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Resort leaders concur: F1 was best Las Vegas event in history

Updated November 20, 2023 - 7:25 am

As the Strip got back to its usual bumper-to-bumper traffic Sunday, hours after cars were racing on it at 200 mph, resort executives affirmed what they had predicted all along — that Southern Nevada appears to have had the best week financially in its history, thanks to the Formula One Las Vegas Grand Prix.

Executives among the estimated 315,000 people who attended the Saturday night spectacle said the event went better than they had hoped, that hotels and casinos were filled on a week that traditionally is one of the worst on the calendar and that they can’t wait to do it all again next year.

“The upside of this I thought was clear from the beginning, and that’s what we experienced over the last number of days,” Las Vegas Convention and Visitors Authority President and CEO Steve Hill said Sunday. “It’s going to be a record weekend for Las Vegas from an economic standpoint. It’s going to generate a lot of tax revenue and properties around the circuit did exceptionally well.”

Officials won’t be able to quantify exactly how big the economic bonanza will be for several weeks. The LVCVA’s November report revealing visitor volume, hotel occupancy rates and the average daily room rate paid by F1 visitors won’t be revealed until late December. That’s also when the Nevada Gaming Control Board publishes November’s casino gaming win for the month with tax revenue reports trailing that by a few more weeks.

Individual companies are expected to have more precise numbers when they report their fourth-quarter earnings in late January and early February.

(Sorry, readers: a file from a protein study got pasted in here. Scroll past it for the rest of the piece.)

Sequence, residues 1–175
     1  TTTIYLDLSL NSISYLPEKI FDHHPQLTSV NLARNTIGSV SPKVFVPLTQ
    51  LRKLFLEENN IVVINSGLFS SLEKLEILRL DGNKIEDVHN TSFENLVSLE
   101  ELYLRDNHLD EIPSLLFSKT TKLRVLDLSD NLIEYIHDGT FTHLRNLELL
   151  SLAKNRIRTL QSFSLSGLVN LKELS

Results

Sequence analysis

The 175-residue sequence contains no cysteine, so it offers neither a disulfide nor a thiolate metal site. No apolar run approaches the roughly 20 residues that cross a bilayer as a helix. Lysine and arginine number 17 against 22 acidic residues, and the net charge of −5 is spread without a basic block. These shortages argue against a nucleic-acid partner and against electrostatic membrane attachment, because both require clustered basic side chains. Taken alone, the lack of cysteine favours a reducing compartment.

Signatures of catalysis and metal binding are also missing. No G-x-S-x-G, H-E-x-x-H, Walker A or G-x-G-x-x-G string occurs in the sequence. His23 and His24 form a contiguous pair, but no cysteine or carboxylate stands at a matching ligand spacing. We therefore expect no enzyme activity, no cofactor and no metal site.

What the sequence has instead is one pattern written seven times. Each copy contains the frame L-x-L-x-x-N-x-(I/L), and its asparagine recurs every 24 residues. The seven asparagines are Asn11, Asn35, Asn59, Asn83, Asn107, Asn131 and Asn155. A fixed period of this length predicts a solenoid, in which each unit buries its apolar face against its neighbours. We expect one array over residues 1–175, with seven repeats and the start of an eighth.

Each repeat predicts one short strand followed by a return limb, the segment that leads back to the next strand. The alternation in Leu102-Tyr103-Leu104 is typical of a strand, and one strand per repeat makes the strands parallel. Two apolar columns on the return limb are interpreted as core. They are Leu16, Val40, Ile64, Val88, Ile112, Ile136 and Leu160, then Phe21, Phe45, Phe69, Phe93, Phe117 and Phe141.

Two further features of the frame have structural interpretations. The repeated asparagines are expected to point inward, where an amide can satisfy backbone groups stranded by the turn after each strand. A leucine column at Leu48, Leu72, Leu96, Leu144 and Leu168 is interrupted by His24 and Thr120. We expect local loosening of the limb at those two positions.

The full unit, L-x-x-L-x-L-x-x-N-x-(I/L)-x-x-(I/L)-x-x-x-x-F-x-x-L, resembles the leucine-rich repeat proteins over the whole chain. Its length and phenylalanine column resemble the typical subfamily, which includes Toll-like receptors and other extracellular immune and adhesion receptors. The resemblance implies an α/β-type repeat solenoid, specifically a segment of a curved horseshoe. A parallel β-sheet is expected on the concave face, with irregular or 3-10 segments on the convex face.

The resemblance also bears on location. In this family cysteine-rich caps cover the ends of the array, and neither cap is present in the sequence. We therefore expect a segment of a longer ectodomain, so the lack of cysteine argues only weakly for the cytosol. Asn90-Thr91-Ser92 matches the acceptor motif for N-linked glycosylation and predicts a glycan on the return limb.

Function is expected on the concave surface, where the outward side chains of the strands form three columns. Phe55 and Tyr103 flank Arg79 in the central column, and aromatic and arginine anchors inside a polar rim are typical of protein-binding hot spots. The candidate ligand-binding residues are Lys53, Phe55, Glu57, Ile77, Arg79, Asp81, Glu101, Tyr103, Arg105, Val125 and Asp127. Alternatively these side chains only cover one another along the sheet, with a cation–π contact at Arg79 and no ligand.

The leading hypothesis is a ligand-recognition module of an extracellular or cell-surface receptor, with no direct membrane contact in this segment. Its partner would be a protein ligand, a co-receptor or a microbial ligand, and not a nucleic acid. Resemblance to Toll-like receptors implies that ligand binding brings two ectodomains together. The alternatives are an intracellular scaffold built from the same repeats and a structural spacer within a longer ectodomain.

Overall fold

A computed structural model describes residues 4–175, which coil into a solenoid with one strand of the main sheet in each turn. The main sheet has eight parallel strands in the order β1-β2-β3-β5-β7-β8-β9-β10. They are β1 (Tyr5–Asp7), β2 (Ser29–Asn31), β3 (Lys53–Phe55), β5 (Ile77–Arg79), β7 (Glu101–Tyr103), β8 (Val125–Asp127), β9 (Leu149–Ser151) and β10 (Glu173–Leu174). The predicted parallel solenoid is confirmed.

Visitation

But anecdotally, visitation was off the charts Wednesday through Sunday, when visitors began their exodus.

Representatives of the city’s largest resorts said because of the visitor profile of the average F1 guest, the city’s luxury resorts — MGM Resorts International’s Bellagio, Cosmopolitan of Las Vegas and Aria properties; Caesars Entertainment Inc.’s Caesars Palace and Paris-Las Vegas; and both Wynn Resorts Ltd.’s properties — did the best.

“We were completely full,” said Sean McBurney, regional president for Caesars Entertainment.

“Our properties in particular were within the heart of the circuit, and there are a lot of logistical complications as a result of that,” McBurney said. “How do team members get in, how do vendors get in, how do guests get around? But it was unbelievably smooth. And I spent four days at the race and talking to a lot of customers. I don’t know if I’ve been to an event where the feedback was so unanimously positive. For an event this complicated in year one, it was incredible. Absolutely incredible.”

Andrew Lanzino, MGM Resorts’ vice president of citywide events strategy, said the company had record performance at Aria, Cosmopolitan, MGM Grand and Park MGM.

“I think, regardless of where the properties were located, whether it was near the track or not, performed as if it was New Year’s Eve,” said Lanzino, who spent much of his time at the Bellagio Fountain Club.

Bill Hornbuckle, president and CEO of MGM, told CNBC that the club, a specially built grandstand and luxury boxes were the centerpiece of what the company offered high-end customers.

“We built this thing for the uber experience,” he said. “Tickets for the seats were $10,000 a piece. So we’ve been able to package that with guest rooms. The average rate this weekend at Bellagio was $2,200. And so that’s not for everyone, candidly. But it does give us a chance between here, Aria, Cosmopolitan, kind of the epicenter of our Las Vegas hub, to bring a very unique international crowd to see an event that they enjoy all over the world and now they can see it in Las Vegas.”